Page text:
In a few weeks, the second edition of the annual Africa Investment Forum will kick off in Johannesburg, South Africa, with development finance institutions determined to tackle the continent’s infrastructure investment challenges and advance Africa’s economic transformation agenda.
Africa Investment Forum 2018 broke the mold for regional investments and offered lessons about what can be done when multilateral development and finance institutions decide to pull their resources together to deliver as one.
“When we laid out our vision to tilt the flow of capital into Africa by convening the first transaction-based investment forum, many thought it would all amount to building castles in the air. One year down the road, the verdict is undisputed. Africa’s investment opportunities are proving to be seriously attractive,” said Akinwumi Adesina, President of the African Development Bank, convener of the Forum.
The collective resolve to tackle head-on Africa’s annual infrastructure investment gap, estimated at between US$130 billion and US$170 billion, was on full display during the 2018 inaugural forum.
“The inaugural Africa Investment Forum witnessed an extraordinary level of engagement. The conversation moved from talking about investment to advancing deals towards financial closure. 2019 will validate and redefine the perception of investor confidence regarding the African Continent,” said David Makhura, Premier of Gauteng province in South Africa.
For Alain Ebobisse, CEO of Africa50 and one of the forums key institutional partners, the continent is brimming with opportunities that are waiting to be seized. “The Africa Investment Forum not only brings together investors and stakeholders to initiate deals but can help close transactions that would otherwise take months or years. In infrastructure, this makes a significant difference since the financial and opportunity costs of project delays are high.”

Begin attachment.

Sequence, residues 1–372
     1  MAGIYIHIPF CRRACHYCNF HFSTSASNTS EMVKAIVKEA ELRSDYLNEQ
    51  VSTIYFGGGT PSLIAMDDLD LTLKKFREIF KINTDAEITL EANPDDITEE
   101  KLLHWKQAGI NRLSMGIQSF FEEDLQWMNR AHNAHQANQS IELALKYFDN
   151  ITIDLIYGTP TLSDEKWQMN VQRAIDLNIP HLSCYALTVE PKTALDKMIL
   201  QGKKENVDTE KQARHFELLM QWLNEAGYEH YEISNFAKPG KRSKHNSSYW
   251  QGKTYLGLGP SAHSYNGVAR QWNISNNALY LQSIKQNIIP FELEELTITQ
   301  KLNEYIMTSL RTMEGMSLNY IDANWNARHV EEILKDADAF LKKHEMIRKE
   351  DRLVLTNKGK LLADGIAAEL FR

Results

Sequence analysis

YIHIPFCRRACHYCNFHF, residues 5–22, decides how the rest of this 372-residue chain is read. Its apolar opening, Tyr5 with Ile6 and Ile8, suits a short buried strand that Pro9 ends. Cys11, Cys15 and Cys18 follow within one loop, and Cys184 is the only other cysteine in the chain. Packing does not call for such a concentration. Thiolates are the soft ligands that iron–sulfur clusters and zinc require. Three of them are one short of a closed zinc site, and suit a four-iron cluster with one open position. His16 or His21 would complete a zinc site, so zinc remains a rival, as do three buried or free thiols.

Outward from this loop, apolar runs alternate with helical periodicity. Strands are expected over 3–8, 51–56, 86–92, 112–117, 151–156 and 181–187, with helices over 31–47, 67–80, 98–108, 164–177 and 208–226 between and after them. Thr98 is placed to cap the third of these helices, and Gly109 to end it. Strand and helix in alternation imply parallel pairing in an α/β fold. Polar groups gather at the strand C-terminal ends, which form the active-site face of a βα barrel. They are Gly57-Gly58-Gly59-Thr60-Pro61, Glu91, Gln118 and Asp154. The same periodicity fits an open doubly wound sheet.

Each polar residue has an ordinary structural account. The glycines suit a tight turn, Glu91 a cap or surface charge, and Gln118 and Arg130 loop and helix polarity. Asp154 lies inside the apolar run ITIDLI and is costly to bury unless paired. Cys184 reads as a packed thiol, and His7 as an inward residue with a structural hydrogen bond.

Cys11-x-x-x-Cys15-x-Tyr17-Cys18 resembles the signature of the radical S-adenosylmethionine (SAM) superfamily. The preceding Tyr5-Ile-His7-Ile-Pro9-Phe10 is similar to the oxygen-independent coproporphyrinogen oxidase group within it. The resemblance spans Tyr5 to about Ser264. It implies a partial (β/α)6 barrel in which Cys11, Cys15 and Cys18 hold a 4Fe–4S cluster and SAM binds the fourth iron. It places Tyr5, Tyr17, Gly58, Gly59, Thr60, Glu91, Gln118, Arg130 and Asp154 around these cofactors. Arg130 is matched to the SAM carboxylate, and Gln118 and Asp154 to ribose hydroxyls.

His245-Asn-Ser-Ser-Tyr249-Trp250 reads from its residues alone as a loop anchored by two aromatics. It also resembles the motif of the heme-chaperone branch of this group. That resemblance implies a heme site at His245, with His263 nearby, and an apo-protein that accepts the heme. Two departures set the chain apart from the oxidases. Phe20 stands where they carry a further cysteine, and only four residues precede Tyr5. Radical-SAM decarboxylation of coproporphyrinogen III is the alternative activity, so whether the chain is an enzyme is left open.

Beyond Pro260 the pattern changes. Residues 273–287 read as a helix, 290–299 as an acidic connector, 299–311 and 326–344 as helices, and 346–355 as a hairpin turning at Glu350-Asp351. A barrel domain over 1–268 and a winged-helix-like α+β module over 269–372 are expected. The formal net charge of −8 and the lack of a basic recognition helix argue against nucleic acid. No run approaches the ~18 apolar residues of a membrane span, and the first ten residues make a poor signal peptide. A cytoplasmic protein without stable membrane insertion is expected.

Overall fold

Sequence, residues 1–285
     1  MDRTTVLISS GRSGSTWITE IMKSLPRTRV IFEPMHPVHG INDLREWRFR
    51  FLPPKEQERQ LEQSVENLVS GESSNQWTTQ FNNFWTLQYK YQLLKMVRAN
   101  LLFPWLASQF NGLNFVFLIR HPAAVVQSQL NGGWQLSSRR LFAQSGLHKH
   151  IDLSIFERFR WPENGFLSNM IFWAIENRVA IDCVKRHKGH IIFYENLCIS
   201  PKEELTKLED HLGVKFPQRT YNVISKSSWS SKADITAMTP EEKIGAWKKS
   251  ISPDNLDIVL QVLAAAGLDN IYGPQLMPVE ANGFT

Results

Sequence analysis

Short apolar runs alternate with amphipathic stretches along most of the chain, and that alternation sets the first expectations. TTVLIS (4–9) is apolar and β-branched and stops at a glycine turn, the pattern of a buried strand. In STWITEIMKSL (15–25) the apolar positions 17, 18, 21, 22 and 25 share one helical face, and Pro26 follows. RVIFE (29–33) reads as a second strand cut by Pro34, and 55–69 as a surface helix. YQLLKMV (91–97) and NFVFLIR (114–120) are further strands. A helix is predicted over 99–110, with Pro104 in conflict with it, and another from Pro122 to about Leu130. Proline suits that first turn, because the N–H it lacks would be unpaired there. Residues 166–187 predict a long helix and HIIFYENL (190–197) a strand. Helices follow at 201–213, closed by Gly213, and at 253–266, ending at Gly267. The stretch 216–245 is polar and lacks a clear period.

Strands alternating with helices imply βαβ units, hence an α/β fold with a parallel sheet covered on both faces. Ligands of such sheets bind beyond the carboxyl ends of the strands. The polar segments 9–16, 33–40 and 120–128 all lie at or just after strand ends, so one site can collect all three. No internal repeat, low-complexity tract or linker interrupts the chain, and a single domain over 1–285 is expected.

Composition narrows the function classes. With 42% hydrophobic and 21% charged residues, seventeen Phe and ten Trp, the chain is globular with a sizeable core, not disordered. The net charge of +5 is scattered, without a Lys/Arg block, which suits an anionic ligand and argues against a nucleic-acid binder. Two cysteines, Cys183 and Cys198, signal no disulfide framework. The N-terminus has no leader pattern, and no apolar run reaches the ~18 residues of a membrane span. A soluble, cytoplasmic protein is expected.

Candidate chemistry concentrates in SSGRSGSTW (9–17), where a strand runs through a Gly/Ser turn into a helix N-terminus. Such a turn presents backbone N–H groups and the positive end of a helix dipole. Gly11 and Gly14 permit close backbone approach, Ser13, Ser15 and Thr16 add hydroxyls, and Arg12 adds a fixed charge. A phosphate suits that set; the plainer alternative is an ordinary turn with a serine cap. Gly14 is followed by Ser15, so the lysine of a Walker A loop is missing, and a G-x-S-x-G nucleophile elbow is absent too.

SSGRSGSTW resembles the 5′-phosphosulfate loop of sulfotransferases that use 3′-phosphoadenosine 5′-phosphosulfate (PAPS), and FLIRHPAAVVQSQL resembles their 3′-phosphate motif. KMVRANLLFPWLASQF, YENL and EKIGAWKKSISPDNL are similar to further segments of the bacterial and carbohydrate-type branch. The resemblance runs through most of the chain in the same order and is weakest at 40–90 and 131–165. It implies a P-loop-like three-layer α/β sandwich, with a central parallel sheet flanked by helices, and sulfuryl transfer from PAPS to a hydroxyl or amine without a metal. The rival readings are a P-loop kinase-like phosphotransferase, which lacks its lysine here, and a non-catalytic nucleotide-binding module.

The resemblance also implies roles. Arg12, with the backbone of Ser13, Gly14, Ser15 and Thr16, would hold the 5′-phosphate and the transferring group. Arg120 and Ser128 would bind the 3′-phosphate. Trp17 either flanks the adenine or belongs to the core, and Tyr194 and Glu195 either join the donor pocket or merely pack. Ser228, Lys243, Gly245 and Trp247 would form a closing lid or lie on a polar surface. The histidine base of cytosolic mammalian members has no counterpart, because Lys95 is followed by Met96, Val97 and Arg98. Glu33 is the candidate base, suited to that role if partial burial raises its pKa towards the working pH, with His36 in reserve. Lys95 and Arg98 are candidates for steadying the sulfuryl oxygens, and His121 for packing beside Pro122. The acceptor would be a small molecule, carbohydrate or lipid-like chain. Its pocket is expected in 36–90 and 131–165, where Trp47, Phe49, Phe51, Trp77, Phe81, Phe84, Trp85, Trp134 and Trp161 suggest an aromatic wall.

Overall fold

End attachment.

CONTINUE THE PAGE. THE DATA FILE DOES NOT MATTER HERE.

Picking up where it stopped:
Africa’s development challenges need a swift, bold, and robust response. Of the world’s 20 countries with the least access to electricity, 13 are in Africa. Investment in the region of $43-55 billion per year is needed until 2030-2040 to meet demand and provide universal access to power.
“The audacity showed in South Africa last year, and the results in terms of investment and deals closed will live long in the investor community’s memory,” Adesina tells global investors on the hunt for yields and opportunities.
“We will be reaching for new heights. Already, a robust pipeline of deals valued at billions of US dollars, in energy, cross-border infrastructure, agriculture will be tabled for discussions in the boardroom sessions,” he said.
Last year’s Forum attracted 1,943 participants representing 87 countries and brought together 400 investors from 52 countries. The innovative investment marketplace, brings together heads of state, project sponsors, pension funds, sovereign wealth funds and other institutional investors. Policymakers, private equity firms, and other key senior government officials will also be present.
Africa Investment Forum 2019 will run from 11-13 November in Johannesburg, South Africa.
The Brussels Times